What I would have added to my Democrat op-ed on Best and Brightest if I had another 500 words

The Tallahassee Democrat, like most newspapers, sets limits on the lengths of op-eds – in the Democrat’s case that is 500 words.  That makes a lot of sense, and I am grateful for the opportunity to share at the Democrat.

That said, the op-ed of mine that the Democrat published this morning, “Best and Brightest dollars should be aimed towards math and science teachers”, screams for another 500 words.  So here they are:

First of all, I think there are two incredibly important yet unaddressed priorities for recruiting and retaining more strong teachers.  One is in math and science subjects, as I argued in the Democrat this morning.  The other priority is to attract strong teachers to schools with the greatest needs – schools with lots of kids from disadvantaged backgrounds.  The most extreme case is that of the elementary schools in south Pinellas County that have been highlighted by an incredible series of stories in the Tampa Bay Times recently.  While the schools in south Pinellas may be the most egregious examples of low income kids being neglected, the retention of strong teachers is a serious problem at high needs schools throughout the state.  If legislators took the $44 million allocated to Best and Brightest this year and split it up between high needs schools and math/science subjects next year, they could make serious progress in both areas.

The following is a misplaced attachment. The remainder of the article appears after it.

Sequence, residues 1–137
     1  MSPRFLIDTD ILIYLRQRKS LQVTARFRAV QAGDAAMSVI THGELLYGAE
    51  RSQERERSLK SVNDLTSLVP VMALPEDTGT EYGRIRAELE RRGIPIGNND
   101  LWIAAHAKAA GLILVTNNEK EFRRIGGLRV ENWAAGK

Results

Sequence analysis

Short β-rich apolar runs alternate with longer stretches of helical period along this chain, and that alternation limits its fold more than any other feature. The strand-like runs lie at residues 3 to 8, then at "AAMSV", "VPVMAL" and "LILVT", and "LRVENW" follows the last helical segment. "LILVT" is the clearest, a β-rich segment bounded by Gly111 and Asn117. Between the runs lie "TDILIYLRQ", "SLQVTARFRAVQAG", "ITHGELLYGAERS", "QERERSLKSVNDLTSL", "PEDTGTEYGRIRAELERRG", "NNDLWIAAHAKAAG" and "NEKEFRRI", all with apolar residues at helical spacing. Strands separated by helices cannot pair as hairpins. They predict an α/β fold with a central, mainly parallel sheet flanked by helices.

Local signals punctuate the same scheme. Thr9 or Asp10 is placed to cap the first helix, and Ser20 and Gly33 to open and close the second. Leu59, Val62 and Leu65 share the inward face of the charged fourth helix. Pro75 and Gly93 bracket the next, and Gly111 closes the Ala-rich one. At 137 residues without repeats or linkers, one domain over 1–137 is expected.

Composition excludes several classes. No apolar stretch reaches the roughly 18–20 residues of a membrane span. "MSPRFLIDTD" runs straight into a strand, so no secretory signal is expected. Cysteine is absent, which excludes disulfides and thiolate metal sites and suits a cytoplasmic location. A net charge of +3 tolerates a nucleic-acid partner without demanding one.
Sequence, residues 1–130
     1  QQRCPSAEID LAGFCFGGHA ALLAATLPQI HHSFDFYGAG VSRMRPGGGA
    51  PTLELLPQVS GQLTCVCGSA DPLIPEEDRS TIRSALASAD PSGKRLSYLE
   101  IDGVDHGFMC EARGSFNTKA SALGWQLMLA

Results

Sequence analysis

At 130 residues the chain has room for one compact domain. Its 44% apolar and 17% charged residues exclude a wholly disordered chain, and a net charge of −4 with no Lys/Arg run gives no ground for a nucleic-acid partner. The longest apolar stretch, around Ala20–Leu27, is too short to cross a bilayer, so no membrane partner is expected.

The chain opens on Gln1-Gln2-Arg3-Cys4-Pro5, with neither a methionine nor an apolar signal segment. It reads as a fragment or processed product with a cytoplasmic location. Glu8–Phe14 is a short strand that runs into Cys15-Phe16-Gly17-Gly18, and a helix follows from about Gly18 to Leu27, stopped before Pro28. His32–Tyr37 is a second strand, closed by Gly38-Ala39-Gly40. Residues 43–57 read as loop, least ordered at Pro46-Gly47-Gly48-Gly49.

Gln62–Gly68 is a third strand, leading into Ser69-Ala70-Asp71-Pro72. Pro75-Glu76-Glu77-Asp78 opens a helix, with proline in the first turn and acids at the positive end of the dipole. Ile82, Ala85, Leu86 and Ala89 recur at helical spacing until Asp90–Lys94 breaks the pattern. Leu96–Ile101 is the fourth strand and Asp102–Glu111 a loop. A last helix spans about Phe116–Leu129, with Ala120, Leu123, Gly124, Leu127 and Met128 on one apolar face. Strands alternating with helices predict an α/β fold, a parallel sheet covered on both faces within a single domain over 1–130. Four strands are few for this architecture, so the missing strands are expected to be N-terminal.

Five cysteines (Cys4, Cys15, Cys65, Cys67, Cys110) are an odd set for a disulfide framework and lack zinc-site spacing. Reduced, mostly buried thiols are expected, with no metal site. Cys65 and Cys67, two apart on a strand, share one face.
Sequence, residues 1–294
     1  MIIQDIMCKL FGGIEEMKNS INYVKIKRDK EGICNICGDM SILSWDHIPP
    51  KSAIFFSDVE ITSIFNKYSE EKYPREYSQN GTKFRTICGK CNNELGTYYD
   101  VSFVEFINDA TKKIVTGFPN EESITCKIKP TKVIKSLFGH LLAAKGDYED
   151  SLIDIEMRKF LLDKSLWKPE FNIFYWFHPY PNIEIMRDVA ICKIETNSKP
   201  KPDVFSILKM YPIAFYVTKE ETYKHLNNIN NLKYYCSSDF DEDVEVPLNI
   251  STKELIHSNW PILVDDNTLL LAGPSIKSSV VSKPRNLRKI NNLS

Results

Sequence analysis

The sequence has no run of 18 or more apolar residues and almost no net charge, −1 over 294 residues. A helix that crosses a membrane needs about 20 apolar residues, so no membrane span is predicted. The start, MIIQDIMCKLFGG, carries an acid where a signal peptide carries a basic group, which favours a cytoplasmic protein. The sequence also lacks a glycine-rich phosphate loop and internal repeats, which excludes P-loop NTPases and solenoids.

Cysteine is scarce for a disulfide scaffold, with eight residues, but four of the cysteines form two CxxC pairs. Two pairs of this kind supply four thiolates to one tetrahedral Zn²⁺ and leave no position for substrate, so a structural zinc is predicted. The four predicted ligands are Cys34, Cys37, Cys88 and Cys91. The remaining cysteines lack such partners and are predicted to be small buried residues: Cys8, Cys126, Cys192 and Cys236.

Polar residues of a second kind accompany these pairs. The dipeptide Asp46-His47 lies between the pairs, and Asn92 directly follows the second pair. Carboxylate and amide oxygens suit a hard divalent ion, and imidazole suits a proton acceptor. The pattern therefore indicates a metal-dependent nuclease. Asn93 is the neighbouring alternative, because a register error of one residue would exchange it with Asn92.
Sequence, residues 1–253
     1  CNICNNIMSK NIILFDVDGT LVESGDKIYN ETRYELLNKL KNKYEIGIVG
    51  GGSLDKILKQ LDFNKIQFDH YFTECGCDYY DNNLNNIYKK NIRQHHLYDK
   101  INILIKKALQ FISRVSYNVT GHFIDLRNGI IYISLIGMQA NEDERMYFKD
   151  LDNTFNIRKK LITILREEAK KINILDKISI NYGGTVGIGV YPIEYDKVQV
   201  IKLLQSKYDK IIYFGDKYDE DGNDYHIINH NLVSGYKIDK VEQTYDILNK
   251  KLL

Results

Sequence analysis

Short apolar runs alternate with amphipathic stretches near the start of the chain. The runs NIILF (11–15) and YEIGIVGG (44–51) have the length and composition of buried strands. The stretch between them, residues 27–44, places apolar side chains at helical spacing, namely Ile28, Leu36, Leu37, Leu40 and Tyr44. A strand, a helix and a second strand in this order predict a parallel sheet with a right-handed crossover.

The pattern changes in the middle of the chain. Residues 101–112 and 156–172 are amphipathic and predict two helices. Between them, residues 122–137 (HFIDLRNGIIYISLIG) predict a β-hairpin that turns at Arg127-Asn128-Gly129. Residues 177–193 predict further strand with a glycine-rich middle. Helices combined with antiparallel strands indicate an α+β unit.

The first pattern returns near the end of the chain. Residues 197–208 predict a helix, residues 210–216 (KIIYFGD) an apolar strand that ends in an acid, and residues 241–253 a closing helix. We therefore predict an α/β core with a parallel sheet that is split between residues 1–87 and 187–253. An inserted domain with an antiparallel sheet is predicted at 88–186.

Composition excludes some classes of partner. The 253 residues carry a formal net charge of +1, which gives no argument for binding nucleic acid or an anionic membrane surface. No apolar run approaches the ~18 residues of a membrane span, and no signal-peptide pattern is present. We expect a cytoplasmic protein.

Second, despite what I said in this morning’s op-ed, money isn’t everything when it comes to recruiting strong teachers.  My students have told me for the last few years that their own high school teachers have frequently told them not to enter the teaching profession, and that their teachers have used colorful language to make that point.

Florida’s teaching corps is at a difficult juncture.  Nearly all the teachers now in the state’s schools entered the teaching profession when they could earn a measure of job security after a few probationary years and when they knew with some certainly how much money they would make throughout their careers because salaries were set via schedules that rewarded time served in the position and graduate degrees achieved.  A few years ago, that all changed and the rules of employment for teachers took a hard right hand turn.  Many teachers are bitter, and they are sharing their bitterness with their students.  Students are listening and taking teaching off their lists of possible careers.  It’s a very bad situation.

 

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